On top of all that, I’d also like to bring the game to a mobile setting, which I think would fit the gameplay very well, being a sort of casual game that works best in just a few moments played at a time. This would, of course, mean reconsidering the control scheme. I would like a simple swipe gesture to allow the ring to spin, perhaps with a simple tap used to set the ball’s current color to the color displayed by the heart.

On the other hand, I may modify that mechanic so that the heart does not change colors on its own, but instead must be tapped by the player in order to change the ball’s color. Or maybe the heart and ball always share the same color and, rather than tapping at the right moment to get the right color on the ball, the player would need to tap the heart to swap between its colors? We’ll see.

While I’m at it, I’d like to update the game’s visual style, maybe moving away from the direct pixel-art look into something a bit cleaner. And, who knows–if I find the time, maybe I’ll try implementing some kind of power-up system, similar to Arkanoid. I may have an idea of how it could work.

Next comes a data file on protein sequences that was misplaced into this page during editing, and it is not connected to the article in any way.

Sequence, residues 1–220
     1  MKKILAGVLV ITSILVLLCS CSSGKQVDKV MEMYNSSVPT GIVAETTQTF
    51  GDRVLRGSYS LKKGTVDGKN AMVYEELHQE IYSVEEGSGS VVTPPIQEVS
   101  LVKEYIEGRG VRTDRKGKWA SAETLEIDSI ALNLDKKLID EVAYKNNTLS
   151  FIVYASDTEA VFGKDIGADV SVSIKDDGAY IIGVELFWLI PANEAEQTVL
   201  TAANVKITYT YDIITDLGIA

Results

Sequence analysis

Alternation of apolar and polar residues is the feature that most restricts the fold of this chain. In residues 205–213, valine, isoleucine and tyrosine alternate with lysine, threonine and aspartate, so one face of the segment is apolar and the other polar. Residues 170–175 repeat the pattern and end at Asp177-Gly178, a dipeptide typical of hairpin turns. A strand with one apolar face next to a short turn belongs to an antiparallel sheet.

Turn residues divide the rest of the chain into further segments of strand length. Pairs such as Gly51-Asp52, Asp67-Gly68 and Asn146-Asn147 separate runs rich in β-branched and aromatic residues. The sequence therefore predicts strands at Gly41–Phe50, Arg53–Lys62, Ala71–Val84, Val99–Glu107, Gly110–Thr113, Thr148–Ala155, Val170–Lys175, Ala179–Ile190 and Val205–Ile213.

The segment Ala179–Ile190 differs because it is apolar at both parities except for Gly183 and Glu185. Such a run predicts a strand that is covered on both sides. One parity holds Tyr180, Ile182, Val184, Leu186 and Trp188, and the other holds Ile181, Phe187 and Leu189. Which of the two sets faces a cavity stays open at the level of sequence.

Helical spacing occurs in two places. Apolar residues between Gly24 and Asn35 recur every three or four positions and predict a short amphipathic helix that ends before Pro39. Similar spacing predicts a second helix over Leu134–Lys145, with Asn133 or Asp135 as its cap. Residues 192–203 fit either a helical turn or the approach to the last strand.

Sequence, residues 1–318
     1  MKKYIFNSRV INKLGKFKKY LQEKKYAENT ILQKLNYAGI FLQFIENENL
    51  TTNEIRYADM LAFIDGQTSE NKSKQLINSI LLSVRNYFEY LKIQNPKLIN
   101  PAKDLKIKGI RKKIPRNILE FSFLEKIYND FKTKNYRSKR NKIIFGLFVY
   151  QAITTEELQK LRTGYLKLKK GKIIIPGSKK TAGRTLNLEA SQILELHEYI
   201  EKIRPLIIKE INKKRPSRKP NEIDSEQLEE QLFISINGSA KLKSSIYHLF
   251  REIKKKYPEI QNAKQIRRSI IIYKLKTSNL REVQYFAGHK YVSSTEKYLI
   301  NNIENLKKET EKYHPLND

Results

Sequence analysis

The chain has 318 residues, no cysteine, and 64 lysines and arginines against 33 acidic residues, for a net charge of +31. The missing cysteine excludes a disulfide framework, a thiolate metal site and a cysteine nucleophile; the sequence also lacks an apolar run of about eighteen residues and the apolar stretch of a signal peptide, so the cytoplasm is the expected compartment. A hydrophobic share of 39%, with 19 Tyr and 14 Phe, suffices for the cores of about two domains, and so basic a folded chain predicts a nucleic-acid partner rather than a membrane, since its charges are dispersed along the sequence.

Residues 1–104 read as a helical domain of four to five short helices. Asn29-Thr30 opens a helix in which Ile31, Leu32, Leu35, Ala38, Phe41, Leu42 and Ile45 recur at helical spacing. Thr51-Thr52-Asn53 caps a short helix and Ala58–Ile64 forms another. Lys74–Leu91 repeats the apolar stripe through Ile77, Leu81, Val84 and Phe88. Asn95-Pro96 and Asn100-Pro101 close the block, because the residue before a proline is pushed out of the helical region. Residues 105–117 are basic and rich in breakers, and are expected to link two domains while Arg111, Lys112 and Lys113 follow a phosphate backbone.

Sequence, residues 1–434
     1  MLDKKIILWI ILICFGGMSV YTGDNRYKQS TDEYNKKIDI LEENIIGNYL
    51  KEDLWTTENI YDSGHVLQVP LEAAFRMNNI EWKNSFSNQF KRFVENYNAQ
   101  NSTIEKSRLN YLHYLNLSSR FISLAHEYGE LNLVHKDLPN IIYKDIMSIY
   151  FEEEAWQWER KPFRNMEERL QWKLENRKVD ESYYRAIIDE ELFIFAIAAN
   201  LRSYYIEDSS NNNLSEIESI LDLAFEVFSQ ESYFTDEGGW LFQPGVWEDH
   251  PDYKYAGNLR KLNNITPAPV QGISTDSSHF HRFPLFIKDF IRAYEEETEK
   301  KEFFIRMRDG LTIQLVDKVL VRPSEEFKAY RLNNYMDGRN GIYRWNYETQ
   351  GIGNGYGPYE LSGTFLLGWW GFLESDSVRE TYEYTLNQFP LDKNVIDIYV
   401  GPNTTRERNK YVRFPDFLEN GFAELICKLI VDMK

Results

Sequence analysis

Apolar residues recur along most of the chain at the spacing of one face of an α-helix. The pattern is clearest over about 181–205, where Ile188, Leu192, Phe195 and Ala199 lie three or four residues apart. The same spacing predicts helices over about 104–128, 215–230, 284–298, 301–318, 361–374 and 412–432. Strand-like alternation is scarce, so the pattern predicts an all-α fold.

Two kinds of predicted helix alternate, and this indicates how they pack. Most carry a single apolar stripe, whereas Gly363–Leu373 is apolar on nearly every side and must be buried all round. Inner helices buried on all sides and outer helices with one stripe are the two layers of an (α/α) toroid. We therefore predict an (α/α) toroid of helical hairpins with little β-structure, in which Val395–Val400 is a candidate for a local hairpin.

Now it’s (finally) time to get to started!

A Story of Hearbreak

Posted by
Friday, November 29th, 2013 1:34 pm

As mentioned in my previous journal entry, I will be remaking my first game, Heartbreak. It’s a bit of a strange tale, however, since Heartbreak wasn’t originally “made” by me at all, at least in the sense of programming. It was my baby design-wise and in the limited capacity of “art,” but I relied on another programmer to do all the actual creation. Still, I think that it will count fine for the sake of this mini-Dare. It’s either that, or Ping.